Closing statements have been heard in the trial of an Englishman charged with the murder of Irish tourist Garry Walton in Tenerife over 16 years ago.
State prosecutor Deborah Padilla made an impassioned plea to the jury to return a guilty verdict and "end the heartbreak" of the 21-year-old Co Waterford man's family.
Mr Walton's parents Robert and Catherine were in court along with other family members to hear the final summing up by the prosecution and the defence.
Ms Padilla told the jury that on practically the first day in her job in 2007, she received a letter from Mr and Mrs Walton informing her that they had been forced to pull out of their private prosecution against Darren Sapstead for financial reasons.
"In their letter they said that they were now placing their trust in me to continue the case on their behalf.
"You have heard from the defendant how this long case has affected him, his family and his work.
"However, remember also that Garry was deprived of the chance to marry and have children. The lives of his parents and other family have been ruined since the day his life was taken", she said.
Ms Padilla asked the jury to bear in mind that the defence had deliberately shown the "best face" of the defendant during the trial.
She said she had intended for the jury to hear from two key witnesses from Ireland, brothers Michael and Jeremiah Collins, but had been prevented from doing so for reasons beyond her control.
"Michael Collins has since died. His brother does not have a passport at present and I was informed today that the Spanish authorities would not allow him to enter the country without one," she said.
In a 30-minute speech, the prosecutor urged the jury to believe the evidence of two Manchester sisters, Katie and Lucy Smethurst, whose decision to "come forward with the truth" ten months after Mr Walton's death led the case to be reopened.
It was originally considered to be an accidental death by police.
Katie Smethurst told the court yesterday that she had seen Mr Stapstead grab a very drunk Mr Walton by the legs and throw him over the rail of the boat, but had kept silent for almost a year due to fear.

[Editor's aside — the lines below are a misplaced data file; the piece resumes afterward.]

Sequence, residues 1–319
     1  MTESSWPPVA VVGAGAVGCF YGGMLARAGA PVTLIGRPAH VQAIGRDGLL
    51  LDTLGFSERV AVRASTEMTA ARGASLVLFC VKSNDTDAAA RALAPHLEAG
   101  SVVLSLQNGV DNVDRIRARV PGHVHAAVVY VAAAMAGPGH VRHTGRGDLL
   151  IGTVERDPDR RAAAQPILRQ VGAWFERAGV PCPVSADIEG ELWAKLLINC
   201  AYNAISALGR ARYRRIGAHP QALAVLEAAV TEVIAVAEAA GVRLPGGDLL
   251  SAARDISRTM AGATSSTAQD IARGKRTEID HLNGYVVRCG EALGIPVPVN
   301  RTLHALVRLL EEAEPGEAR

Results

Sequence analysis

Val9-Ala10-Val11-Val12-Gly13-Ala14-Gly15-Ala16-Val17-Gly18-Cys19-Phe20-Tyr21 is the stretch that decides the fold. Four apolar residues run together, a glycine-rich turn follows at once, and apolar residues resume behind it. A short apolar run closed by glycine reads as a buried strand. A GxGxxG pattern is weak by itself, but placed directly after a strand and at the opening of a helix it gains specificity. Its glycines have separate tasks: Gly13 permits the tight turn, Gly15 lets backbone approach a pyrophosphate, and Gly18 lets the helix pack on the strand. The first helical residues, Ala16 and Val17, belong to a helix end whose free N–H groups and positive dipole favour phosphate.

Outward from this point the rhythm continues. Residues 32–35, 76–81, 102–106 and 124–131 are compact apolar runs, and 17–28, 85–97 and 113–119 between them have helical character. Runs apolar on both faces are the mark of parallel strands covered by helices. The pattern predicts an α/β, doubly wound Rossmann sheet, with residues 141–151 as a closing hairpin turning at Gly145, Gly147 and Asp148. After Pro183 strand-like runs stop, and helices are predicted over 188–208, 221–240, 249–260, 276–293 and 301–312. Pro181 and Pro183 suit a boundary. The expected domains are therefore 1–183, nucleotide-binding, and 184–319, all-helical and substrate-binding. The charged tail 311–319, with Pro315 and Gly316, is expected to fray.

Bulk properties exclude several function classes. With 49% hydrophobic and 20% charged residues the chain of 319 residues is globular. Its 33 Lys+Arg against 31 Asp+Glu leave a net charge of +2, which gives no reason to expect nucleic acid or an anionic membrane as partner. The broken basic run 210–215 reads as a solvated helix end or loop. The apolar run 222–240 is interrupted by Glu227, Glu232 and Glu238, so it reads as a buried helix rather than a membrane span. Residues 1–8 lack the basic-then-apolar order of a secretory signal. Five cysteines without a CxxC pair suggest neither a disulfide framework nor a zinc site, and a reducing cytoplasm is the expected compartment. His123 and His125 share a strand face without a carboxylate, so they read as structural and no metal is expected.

"Incriminating the defendant has brought them nothing but problems. If they had remained silent the whole thing would have simply gone away. But they chose not to. Remorse did not let Katie sleep at nights", Ms Padilla said
Defence lawyer Carlos Valenciano expressed his "deep regret" that Mr Walton had died but said that there was "not even a shred of evidence that he was pushed overboard, let alone that my client did it".
"In fact, Darren Sapstead was the only one who tried to help him by throwing him a lifebelt. He also wanted to jump in to save the drowning man but was stopped from doing so by Katie and the boat crew."
Mr Walton's family later reacted angrily as they listened from the public gallery to the defendant as he read out a prepared statement to the court in which described himself as "honest, friendly and good with people".
"I have never been in trouble with the police before or after this incident. These have been sad times for the Waltons and for my own family for the last 17 years. At no point have I ever changed my statement. I always tried to help Garry.
"Katie and Lucy have lied to police, firstly in Las Américas, then to a judge in Granadilla and finally to police in England. Now they would like us to believe their new story," he said.
"I have lost 17 years of my life, as have the Waltons. I lost my business in 2005 while I was in prison. I was in five different prisons in Spain before being sent by boat to Tenerife.
"At no point in my life have I hurt or done anything to hurt anyone. I am here now hoping for justice. I swear on my family's life I did not touch or harm Garry Walton that sad day, I was trying to help him", he said.
The jury begins its deliberations tomorrow.